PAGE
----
New Labor Department Guidance Could Help New Jersey Remote Workers

The Fair Labor Standards Act (FLSA) establishes a minimum wage for the entire country, requires employers to pay overtime when employees work more than forty hours during a week, and provides other protections for workers’ rights. A significant increase in the number of people working remotely over the past few years has raised questions about what constitutes “work time” away from the workplace. Non-exempt employees are entitled to pay for short break periods under the FLSA and New Jersey employment laws. Court decisions and administrative cases addressing this issue, however, have mostly involved time that non-exempt employees have spent in the workplace. The U.S. Department of Labor’s Wage and Hour Division (WHD) issued a Field Assistance Bulletin (FAB) in February 2023 that discusses break time for remote workers under the FLSA. Its conclusions are favorable towards the employees. While the FAB does not have the force of law, courts may be able to rely on it should this issue reach them.

FLSA regulations generally require employers to pay employees for job duties that they have performed, even if the employer did not specifically request it. For example, an employer must pay an employee who continues to work past the end of their shift in order to finish an assignment. This also applies when the employee performs the work off-site, including at the employee’s home.

An employee’s compensable time is not necessarily limited to the time they are actively engaged in their job duties. As a general rule, employees are entitled under the FLSA to get paid for rest breaks, but not meal breaks. Regulations define a rest break as a break lasting no more than twenty minutes that serves to “promote the efficiency of the employee.” “Bona fide meal periods,” as defined by the regulations, typically last at least thirty minutes. They are not considered compensable work time as long as the employee is relieved of all work responsibilities. The question for the WHD involves how these rules apply to remote workers.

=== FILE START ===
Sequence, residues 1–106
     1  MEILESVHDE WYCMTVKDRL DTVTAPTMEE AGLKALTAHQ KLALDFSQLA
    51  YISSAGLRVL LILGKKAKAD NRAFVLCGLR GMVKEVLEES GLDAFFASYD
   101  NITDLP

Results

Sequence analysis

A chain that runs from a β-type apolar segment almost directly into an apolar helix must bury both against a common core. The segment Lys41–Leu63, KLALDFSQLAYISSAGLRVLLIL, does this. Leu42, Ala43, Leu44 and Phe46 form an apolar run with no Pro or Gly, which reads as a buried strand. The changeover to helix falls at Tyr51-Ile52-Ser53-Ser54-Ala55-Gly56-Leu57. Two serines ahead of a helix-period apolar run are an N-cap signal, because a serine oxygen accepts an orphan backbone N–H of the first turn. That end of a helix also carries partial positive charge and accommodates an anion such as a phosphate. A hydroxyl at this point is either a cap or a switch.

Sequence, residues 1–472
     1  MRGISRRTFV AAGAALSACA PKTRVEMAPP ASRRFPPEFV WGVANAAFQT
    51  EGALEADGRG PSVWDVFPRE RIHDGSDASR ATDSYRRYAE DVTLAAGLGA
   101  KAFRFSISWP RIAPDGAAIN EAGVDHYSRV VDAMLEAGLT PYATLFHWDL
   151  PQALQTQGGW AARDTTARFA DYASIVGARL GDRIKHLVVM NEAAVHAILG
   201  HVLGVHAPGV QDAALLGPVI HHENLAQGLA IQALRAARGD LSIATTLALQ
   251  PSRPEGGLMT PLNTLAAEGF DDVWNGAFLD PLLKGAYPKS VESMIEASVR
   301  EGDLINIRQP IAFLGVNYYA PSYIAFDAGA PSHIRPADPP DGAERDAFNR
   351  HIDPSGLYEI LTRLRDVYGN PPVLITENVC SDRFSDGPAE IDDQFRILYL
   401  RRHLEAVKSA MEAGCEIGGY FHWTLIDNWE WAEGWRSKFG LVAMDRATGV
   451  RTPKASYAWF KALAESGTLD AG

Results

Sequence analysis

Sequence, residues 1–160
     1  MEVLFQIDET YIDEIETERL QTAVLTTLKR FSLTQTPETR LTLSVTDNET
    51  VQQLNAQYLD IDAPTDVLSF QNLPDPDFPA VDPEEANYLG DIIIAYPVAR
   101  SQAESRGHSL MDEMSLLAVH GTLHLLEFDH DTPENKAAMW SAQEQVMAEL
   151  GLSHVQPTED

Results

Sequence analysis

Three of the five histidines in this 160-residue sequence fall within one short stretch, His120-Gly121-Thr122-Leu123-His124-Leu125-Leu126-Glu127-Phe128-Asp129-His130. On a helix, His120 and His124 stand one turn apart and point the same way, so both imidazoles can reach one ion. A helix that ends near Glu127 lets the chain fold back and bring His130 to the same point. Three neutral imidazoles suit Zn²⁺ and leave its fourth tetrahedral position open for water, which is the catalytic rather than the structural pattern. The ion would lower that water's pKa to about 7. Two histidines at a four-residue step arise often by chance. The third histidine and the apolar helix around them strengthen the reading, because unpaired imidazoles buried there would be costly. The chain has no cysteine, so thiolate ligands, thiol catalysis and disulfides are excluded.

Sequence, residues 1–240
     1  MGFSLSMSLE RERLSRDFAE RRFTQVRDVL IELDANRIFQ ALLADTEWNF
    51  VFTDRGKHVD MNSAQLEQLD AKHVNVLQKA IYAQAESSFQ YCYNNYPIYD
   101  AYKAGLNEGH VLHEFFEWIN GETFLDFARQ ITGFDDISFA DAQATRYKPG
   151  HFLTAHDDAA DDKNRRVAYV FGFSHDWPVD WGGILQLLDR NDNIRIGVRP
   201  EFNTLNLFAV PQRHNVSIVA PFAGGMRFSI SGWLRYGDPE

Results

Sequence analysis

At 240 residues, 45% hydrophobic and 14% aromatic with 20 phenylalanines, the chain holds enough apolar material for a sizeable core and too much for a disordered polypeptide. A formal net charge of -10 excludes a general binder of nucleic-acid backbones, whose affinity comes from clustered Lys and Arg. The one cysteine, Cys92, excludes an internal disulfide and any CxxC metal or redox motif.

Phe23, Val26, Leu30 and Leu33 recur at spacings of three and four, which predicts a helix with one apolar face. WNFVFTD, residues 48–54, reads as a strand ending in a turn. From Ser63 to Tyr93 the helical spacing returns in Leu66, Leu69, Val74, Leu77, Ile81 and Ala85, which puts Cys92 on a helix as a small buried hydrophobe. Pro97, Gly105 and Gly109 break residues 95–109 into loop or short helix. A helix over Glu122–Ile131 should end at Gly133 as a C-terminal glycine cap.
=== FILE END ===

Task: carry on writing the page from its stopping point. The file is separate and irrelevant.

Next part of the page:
FAB 2023-1, issued on February 9, 2023, addresses several questions related to remote work. With regard to rest and meal breaks, the WHD concludes that the FLSA’s provisions “apply equally to employees who telework as to employees working at an office” or another work site. Non-exempt remote workers are entitled to pay for rest breaks of no more than twenty minutes during the workday. Whether they are working on-site, at home, or anywhere else in the world, the WHD notes, workers will need to “take short breaks to go to the bathroom, get a cup of coffee, [or] stretch their legs.” Meal breaks of thirty minutes or longer, however, are not compensable for non-exempt remote workers, subject to the same requirements as on-site work.

The WHD issued a FAB in 2020 that addresses how employers may track remote workers’ hours. They must provide a “reasonable reporting procedure” that allows employees to report all scheduled and unscheduled work time. As long as employees follow that procedure, the employer must pay them for their time.

If your employer has violated state or federal wage and hour laws or committed other unlawful workplace practices in New Jersey or New York, you need an experienced advocate who can help you assert your legal rights. The employment attorneys at the Resnick Law Group are available to discuss your case and advise you about your options. Please contact us today online, at 973-781-1204, or at 646-867-7997 to schedule a confidential consultation.

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